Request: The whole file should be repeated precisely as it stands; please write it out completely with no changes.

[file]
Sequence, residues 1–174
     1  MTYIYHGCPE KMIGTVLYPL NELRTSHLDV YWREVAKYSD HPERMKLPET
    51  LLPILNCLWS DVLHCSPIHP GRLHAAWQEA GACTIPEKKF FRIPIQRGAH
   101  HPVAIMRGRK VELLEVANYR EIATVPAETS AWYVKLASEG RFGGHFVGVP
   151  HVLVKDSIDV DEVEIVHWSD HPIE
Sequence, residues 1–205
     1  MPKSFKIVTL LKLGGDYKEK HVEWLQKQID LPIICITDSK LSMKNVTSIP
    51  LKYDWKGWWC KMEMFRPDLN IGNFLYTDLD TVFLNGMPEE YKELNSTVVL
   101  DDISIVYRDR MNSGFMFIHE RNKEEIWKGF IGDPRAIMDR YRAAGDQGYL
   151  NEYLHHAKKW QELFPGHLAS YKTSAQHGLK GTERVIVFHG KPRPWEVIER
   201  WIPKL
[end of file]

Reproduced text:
Sequence, residues 1–174
     1  MTYIYHGCPE KMIGTVLYPL NELRTSHLDV YWREVAKYSD HPERMKLPET
    51  LLPILNCLWS DVLHCSPIHP GRLHAAWQEA GACTIPEKKF FRIPIQRGAH
   101  HPVAIMRGRK VELLEVANYR EIATVPAETS AWYVKLASEG RFGGHFVGVP
   151  HVLVKDSIDV DEVEIVHWSD HPIE
Sequence, residues 1–205
     1  MPKSFKIVTL LKLGGDYKEK HVEWLQKQID LPIICITDSK LSMKNVTSIP
    51  LKYDWKGWWC KMEMFRPDLN IGNFLYTDLD TVFLNGMPEE YKELNSTVVL
   101  DDISIVYRDR MNSGFMFIHE RNKEEIWKGF IGDPRAIMDR YRAAGDQGYL
   151  NEYLHHAKKW QELFPGHLAS YKTSAQHGLK GTERVIVFHG KPRPWEVIER
   201  WIPKL